One of the first lessons we learn early in life is that being creative is fun! Participating in artistic activities such as dancing, painting or playing a musical instrument allows us to tap into our creative juices and produce beautiful and rewarding results.
Luckily, creative activities aren’t just intended for children. Over the past decade, the Creative Aging Movement has swept across Canada and Europe, encouraging seniors 55+ to embrace their creative sides and pursue artistic activities. Psychology Today defines the Creative Aging Movement as “professionally run arts programs with a focus on social engagement and skills mastery.” These are not basic arts and crafts sessions, as most often the programs are led by professional teaching artists or museum educators. In other words, “it is not about making macaroni necklaces.”
According to the National Centre for Creative Aging, “an understanding of the aging process” is what lies at the heart of the movement and sets Creative Aging apart from other artistic or senior-focused movements. Creative Aging focuses on the “assets” that come with aging, rather than the “deficits”; the personal advantages that occur “not in spite of aging, but because of aging.”
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It is with this senior-positive focus that Creative Aging has become so popular, and so beneficial to Canadians. According to Dr. Gene D. Cohen, author of the landmark publication “The Creativity and Aging Study: The Impact of Professionally Conducted Cultural Programs on Older Adults,“there is significant evidence to suggest that “participation in activities that foster creative engagement and skills mastery in a social environment has positive psychological, physical and emotional health benefits for older adults.”
The movement also teaches younger generations, as well as the artists who lead Creative Aging workshops on the importance of artistic expression and lifelong learning.
Creative Aging encompasses many different artistic endeavors, including:
According to the National Centre for Creative Aging, there a variety of areas in which seniors experience significant improvement in their lives by participating in creative activities, including:
In fact, Psychology Today reports that individuals over 65 who are involved in weekly art programs experience improved health and wellness, and have “fewer doctor visits and take less medication than those without creative outlets.”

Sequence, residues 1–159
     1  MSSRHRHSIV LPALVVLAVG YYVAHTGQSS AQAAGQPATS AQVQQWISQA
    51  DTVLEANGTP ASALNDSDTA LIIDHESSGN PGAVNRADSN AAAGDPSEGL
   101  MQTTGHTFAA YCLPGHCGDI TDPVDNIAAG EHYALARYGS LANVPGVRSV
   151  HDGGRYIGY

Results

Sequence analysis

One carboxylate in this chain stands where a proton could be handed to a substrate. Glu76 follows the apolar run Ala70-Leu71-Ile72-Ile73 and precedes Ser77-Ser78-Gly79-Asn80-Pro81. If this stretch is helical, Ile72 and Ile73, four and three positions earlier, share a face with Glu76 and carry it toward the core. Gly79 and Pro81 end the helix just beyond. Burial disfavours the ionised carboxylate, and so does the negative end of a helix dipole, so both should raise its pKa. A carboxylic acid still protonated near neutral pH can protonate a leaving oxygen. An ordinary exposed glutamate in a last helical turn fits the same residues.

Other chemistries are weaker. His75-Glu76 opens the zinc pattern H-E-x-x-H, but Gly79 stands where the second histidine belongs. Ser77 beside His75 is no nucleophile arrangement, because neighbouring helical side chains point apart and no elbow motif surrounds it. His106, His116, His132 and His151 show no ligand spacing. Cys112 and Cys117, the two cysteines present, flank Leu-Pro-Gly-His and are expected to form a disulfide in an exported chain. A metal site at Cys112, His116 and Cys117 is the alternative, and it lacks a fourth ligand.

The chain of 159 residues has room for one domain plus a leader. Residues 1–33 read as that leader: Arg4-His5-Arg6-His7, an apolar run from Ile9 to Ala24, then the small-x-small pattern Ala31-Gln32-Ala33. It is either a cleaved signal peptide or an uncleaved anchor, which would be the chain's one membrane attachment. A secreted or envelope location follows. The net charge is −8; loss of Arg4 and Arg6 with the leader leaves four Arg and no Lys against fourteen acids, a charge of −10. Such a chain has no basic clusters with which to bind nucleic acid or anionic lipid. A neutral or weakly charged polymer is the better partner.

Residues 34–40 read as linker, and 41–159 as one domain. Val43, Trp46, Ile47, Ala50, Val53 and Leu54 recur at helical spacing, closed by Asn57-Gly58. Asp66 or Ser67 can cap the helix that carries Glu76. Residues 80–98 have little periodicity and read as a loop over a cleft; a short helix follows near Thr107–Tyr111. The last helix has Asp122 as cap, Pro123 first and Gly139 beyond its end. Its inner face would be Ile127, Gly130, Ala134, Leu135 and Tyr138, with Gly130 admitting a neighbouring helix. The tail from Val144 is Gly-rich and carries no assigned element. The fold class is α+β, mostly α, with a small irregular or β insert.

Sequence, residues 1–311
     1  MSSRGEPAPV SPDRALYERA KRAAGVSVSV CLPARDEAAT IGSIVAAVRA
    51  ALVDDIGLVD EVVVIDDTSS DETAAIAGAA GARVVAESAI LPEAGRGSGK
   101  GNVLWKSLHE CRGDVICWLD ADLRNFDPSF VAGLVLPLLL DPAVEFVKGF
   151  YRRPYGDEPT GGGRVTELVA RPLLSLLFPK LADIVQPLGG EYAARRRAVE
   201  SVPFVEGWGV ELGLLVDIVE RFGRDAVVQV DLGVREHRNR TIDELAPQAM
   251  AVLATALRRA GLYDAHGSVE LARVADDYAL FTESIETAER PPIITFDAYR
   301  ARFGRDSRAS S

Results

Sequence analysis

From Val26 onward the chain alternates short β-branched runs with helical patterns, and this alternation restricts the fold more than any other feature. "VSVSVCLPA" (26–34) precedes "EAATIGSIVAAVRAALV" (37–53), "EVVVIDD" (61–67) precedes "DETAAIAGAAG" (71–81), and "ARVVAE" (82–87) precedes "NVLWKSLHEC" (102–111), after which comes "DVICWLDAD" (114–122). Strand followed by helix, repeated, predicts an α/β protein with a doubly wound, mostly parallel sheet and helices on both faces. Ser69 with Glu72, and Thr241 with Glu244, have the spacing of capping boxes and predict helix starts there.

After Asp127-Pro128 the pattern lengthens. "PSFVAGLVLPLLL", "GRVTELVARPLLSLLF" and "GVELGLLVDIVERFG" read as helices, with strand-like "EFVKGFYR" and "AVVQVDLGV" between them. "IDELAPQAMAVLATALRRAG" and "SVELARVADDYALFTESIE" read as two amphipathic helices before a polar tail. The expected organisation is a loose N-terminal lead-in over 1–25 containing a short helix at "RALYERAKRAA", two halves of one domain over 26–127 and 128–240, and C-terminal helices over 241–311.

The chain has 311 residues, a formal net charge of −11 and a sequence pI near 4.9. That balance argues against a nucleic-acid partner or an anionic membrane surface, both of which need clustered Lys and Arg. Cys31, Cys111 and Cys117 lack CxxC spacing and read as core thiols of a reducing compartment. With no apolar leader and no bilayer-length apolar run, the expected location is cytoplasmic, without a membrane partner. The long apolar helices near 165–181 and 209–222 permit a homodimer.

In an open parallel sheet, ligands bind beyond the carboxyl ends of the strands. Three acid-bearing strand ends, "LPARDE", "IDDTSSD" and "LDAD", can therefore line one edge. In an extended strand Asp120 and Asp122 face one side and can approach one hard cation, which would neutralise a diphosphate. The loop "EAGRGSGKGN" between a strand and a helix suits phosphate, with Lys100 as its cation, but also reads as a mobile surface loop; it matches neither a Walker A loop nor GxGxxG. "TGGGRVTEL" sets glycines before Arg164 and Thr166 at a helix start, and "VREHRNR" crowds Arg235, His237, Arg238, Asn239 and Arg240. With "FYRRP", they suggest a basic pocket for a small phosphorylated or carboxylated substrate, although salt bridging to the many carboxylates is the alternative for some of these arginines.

Creative Aging activities have been shown to be especially beneficial for individuals with Alzheimer’s disease, dementia or a traumatic brain injury and their caregivers, as well as those who suffer from PTSD by helping to promote “resilience, retention and reintegration.”
Veterans participating in the Creative Aging Movement, have been shown to experience growth and healing because the arts allow them to express their feelings through creative activities, “without necessarily having to talk about or directly confront the trauma” they have experienced.
The Creative Aging Movement has spread into cities across Canada, both in grassroots and more formalized fashions. For example, in Kelowna, British Columbia, the Rotary Centre for the Arts has introduced a five day Creative Aging Festival that offers a variety of art opportunities for the public to experience, including an art blast (a combination of art, dance and drama) contemporary dance, jazz dance, lyrical ballet and MOonhORsE dance.
London, Ontario, has also embraced the Creative Aging Movement. The London Creative Age Network has worked tirelessly since 2013 to offer creative activities, including a festival featuring art, performances, photography exhibits and workshops. Events take place across six city library branches and have included creative writing, drumming, how to blog, improv theatre, music, puppetry, readings by local poets, storytelling and vocal instruction.
Have participated in the Creative Aging Movement? What was your experience like? We’d like to hear stories from Canadian seniors in the comments below.